Friday, September 4, 2015

A Very Short Introduction to Economics

Partha Dasgupta's A Very Short Introduction to Economics packs a lot into a few pages. Though incomplete and selective, it does a great job of guiding the reader through the intersections of economics and history, development, sociology and ecology.

The book is framed by contrasting the lives and prospects of two children, one in the suburban US, the other in rural Ethiopia, analyzing the factors of economic development that make the difference between communal subsistence agriculture and highly-specialized developed markets. Touching on a bit of game theory, Dasgupta shows how trust arises from mutual benefit and breaks down in the presence of uncertainty. Communities help to stabilize and safeguard trust, but in developed economies institutions increasingly ensure trust between parties who never meet.

Institutions like markets, courts and governments come easily to mind, but science and technology are two institutions of primary importance to economic development, a fact that Dasgupta crystallizes: "What Europe achieved during the Age of Enlightenment was [...] It created institutions that enabled the production, dissemination, and use of knowledge – in effect, the entire knowledge industry – to be transferred from small elites to the public at large, a transfer that so sharpened the analytic-empirical mode of reasoning that it became routine." (p99)

Science and technology are examined as institutions and economic inputs. The book sketches the unusual landscape of incentives that animate science in which highly speculative bets placed by research funders reward the successful scientist in terms of primacy and honors rather than cash and pay off for society in terms of knowledge as a public good. Dasgupta captures the tense relationship between science and technology like so:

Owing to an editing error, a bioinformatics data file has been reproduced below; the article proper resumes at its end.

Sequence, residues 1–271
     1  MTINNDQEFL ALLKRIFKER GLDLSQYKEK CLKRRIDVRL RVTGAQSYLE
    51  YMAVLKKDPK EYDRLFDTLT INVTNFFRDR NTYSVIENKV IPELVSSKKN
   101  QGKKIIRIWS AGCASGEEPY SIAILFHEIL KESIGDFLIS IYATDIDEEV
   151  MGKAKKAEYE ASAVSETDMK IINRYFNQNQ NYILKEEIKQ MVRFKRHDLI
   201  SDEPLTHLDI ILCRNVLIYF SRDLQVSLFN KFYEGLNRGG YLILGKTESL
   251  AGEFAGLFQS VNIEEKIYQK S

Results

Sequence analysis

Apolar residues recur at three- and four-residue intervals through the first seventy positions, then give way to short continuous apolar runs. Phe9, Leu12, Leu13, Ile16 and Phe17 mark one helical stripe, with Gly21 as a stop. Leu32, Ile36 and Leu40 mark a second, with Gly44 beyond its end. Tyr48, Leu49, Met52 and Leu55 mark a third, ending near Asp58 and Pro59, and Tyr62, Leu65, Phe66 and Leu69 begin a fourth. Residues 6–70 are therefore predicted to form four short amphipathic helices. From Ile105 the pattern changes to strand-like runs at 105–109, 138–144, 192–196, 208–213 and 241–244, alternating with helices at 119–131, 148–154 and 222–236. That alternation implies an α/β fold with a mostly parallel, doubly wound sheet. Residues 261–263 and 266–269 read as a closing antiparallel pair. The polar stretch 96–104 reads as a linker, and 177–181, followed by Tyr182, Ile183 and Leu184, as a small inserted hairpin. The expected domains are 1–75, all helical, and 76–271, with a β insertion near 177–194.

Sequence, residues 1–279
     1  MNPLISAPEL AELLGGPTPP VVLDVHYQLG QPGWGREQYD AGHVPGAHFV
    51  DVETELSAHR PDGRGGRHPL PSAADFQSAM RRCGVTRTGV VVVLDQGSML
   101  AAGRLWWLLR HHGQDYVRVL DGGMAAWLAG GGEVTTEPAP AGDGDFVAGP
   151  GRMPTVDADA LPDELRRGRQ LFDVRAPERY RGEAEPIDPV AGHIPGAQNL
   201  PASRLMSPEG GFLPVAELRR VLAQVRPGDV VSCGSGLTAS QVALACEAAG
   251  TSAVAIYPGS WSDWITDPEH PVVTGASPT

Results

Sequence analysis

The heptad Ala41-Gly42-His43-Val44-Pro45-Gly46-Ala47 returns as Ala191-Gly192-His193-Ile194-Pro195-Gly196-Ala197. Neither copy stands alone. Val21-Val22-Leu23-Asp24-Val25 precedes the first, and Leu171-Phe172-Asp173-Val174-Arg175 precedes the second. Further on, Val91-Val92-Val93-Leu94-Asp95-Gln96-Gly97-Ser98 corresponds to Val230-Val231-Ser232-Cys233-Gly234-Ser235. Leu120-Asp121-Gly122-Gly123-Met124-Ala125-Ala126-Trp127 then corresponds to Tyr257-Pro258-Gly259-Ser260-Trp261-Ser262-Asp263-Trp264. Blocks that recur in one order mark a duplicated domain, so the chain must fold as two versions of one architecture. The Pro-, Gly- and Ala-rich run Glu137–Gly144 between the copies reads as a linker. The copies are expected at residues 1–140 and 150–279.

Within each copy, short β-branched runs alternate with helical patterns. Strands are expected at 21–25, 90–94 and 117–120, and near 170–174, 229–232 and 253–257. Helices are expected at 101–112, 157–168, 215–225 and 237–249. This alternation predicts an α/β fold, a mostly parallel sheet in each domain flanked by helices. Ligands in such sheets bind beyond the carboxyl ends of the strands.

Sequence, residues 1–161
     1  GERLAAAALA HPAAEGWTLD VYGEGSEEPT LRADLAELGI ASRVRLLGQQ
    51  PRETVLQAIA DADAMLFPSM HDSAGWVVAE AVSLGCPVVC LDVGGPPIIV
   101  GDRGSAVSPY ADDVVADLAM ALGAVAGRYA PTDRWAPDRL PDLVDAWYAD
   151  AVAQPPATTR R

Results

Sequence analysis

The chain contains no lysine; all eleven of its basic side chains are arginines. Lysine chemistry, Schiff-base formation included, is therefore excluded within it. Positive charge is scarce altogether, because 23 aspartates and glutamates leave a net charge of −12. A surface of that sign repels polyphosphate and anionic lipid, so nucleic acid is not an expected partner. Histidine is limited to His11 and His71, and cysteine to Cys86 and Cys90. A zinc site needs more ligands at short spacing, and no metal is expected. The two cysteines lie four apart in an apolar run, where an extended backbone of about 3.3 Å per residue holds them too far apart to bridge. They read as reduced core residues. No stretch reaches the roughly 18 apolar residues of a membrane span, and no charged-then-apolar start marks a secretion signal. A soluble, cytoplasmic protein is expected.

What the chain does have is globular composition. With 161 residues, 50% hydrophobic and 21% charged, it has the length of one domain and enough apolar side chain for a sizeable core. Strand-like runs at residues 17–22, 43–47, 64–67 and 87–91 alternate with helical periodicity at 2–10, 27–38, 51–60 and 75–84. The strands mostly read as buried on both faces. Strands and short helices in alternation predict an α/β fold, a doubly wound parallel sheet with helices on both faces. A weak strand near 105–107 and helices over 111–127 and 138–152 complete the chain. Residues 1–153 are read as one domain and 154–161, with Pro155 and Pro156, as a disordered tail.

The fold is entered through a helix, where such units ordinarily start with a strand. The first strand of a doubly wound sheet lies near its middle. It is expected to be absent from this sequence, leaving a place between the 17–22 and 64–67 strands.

"Increasingly though, the taste for those social contrivances has to compete against the pecuniary rewards available in Technology. If the pecuniary rewards increase – and they have increased greatly in recent years – the taste for the mores in Science becomes more and more of a luxury to the research worker. Science embodies a set of cultural values in need of constant protection from the threat posed by its rival, Technology. That threat has proved to be so real, that in recent decades the two institutions have begun to blur into each other. Scientists increasingly behave like technologists, while technologists enjoy both the pecuniary rewards of Technology and the medals and scrolls that Science has to offer." (p98)

Patents are covered but without mention of their central conflict, which the Economist expressed recently this way: "Patents are protected by governments because they are held to promote innovation. But there is plenty of evidence that they do not."

Sustainability is one of the most intractable issues of our time. Natural resources serve as economic inputs. Moreover, ecosystems provide economic services whose value escapes conventional economic analysis. Going further still, one may consider the entire human economy as a subsidiary of the earth's ecosystem. It'll strike some as a bit on the fringe to think of economics as a subsystem of nature or dwell on their deep similarities in terms of competition, adaptation, and exchanges of material and energy, but there's a very rich intellectual history behind these ideas.